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Basic concepts for the MIL Classification module

The basic concepts and vocabulary conventions for the MIL Classification module are:

  • Classes. The unique categories in a finite number of categories that represent the conclusions to a classification problem. Fusilli and macaroni, for example, represent 2 classes for categorizing pasta. Classes can hold supplementary data that is typically used as a visual aid, such as an identifying icon image or color. You can add classes to a dataset context. Classes are also known as class definitions, labels, or outputs.

  • Classification. Applying mathematical learning processes, such as deep learning or machine learning, to solve identification and categorization issues known as classification problems. Typically, such problems are not easily solvable using traditional image processing techniques.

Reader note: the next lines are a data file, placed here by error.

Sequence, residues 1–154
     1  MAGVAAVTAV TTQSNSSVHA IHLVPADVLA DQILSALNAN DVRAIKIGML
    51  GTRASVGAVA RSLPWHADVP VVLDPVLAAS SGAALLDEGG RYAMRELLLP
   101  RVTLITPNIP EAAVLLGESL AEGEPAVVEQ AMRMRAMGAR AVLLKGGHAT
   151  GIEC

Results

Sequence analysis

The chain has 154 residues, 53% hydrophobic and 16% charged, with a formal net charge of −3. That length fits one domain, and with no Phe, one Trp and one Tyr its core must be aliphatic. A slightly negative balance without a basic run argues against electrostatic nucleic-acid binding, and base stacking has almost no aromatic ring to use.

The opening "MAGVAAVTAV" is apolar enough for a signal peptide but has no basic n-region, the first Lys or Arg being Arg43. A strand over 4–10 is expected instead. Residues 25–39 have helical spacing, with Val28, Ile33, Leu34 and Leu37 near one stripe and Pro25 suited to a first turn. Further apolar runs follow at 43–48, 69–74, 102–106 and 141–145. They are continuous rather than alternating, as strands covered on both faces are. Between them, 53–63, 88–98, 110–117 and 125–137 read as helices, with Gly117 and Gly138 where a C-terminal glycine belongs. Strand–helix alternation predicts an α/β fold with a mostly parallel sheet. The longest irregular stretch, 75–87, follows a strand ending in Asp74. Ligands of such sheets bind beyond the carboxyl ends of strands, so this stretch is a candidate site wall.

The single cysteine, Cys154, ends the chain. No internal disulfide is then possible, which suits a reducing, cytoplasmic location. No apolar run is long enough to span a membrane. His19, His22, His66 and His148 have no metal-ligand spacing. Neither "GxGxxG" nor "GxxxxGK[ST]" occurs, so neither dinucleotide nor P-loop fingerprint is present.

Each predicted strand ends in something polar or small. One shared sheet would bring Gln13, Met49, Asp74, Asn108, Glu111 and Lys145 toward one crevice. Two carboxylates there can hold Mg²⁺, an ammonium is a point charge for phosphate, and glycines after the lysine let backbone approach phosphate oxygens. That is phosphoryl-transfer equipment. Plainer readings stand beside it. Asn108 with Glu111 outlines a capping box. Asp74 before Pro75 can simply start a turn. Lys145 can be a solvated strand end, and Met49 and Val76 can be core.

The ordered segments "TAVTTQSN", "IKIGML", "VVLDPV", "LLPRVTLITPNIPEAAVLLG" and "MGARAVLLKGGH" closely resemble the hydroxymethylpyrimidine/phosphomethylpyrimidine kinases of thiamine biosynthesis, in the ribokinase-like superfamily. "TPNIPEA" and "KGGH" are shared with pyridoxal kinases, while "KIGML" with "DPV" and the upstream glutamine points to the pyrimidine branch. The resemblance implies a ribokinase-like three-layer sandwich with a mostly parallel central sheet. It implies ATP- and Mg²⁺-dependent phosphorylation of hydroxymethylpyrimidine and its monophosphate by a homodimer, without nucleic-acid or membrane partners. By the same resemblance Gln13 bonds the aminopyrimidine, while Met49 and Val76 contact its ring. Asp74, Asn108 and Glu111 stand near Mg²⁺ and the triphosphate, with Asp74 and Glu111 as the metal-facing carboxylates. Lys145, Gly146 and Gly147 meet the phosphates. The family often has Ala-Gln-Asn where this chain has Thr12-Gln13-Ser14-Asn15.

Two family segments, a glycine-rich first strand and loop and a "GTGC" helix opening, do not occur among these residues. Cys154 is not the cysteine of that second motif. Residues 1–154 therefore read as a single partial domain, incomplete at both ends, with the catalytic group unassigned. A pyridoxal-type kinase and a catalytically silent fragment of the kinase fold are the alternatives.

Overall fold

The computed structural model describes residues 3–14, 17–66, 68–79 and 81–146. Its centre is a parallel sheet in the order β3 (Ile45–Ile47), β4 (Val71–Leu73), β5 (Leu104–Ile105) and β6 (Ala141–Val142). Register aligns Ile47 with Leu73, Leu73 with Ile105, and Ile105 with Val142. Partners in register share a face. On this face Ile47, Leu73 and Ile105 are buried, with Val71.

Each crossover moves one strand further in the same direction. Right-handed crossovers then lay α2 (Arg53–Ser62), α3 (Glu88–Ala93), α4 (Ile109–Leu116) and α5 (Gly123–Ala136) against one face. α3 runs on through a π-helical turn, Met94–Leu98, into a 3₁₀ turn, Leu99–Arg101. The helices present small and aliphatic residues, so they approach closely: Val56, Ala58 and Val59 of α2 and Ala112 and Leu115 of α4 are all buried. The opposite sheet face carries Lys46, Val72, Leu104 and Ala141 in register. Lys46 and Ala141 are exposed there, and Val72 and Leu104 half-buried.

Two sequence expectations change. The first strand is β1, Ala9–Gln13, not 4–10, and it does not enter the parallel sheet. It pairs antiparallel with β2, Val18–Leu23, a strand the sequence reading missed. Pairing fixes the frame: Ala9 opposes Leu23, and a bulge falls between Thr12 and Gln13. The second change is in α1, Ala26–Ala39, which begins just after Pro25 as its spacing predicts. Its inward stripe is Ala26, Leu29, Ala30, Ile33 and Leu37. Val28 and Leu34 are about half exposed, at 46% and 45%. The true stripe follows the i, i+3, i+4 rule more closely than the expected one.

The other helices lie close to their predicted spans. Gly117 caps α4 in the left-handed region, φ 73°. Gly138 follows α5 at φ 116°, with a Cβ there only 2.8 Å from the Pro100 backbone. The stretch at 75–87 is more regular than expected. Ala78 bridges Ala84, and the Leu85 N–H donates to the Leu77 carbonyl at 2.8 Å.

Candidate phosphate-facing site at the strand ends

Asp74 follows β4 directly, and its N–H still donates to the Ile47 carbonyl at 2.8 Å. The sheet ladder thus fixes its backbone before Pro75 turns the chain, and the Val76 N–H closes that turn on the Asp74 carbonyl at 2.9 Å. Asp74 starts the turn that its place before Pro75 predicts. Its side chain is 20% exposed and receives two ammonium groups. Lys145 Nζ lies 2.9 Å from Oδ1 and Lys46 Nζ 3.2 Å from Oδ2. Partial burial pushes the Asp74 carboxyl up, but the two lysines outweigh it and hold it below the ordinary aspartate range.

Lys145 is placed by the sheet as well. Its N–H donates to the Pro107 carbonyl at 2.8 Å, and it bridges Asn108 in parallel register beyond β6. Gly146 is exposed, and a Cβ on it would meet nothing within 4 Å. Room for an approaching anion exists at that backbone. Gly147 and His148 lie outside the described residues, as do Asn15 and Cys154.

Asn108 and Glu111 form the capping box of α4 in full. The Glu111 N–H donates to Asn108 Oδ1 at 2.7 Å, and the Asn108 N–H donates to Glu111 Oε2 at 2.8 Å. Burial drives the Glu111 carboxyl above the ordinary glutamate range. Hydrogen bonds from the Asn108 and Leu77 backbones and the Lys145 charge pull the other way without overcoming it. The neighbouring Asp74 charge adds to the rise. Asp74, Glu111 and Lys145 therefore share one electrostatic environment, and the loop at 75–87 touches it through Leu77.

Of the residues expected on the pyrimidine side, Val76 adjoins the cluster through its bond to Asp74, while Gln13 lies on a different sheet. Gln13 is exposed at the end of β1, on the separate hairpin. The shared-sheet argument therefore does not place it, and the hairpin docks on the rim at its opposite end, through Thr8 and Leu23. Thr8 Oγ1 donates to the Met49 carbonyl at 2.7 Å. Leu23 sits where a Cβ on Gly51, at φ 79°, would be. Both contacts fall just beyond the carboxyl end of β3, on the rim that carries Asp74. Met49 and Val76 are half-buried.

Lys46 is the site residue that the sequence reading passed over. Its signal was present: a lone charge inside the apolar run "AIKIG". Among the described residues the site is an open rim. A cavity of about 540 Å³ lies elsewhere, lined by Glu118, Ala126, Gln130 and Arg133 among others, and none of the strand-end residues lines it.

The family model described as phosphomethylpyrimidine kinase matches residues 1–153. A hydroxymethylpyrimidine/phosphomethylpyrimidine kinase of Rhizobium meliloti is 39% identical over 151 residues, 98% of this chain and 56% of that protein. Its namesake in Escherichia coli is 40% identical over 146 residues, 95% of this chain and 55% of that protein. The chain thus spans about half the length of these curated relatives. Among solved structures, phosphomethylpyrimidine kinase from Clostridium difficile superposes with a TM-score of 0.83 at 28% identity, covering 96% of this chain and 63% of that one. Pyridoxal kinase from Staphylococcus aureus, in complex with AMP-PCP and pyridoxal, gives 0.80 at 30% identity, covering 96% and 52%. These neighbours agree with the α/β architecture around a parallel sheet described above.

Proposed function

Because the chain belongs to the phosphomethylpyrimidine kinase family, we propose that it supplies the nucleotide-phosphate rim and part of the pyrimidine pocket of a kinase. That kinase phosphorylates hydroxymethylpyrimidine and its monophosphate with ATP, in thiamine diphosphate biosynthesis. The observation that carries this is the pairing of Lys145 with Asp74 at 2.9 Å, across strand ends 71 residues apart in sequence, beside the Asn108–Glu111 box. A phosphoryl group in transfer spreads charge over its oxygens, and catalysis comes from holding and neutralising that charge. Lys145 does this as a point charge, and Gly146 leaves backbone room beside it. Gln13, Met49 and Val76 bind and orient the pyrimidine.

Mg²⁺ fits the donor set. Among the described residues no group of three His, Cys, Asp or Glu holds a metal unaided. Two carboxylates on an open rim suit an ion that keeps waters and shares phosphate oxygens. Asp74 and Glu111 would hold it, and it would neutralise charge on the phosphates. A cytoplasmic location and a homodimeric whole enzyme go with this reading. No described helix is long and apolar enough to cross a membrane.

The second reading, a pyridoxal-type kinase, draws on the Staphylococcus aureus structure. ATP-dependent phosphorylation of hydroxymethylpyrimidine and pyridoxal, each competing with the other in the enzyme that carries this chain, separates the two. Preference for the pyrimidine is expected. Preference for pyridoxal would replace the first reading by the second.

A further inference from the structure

• Classifier. The mathematical architecture that must be trained to perform classification (predict the class to which a target belongs). You can have a predefined CNN classifier or a tree ensemble classifier. A classifier is also known as a network or a model; it can also be referred to as a CNN or a tree ensemble.

  • Classifier context. A MIL object that stores a classifier and its settings. The terms classifier context and classifier are often used interchangeably.